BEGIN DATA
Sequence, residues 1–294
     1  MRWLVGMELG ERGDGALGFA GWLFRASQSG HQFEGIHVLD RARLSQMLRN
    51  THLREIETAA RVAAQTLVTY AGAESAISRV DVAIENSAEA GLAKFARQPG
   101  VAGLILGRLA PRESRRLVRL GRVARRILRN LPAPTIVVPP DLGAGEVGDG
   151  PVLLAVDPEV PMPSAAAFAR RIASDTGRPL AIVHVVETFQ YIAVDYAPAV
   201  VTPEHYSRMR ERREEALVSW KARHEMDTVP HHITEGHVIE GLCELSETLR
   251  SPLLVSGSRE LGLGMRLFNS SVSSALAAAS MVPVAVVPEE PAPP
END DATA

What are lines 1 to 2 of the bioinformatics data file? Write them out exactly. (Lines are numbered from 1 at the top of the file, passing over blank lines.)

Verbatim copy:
Sequence, residues 1–294
     1  MRWLVGMELG ERGDGALGFA GWLFRASQSG HQFEGIHVLD RARLSQMLRN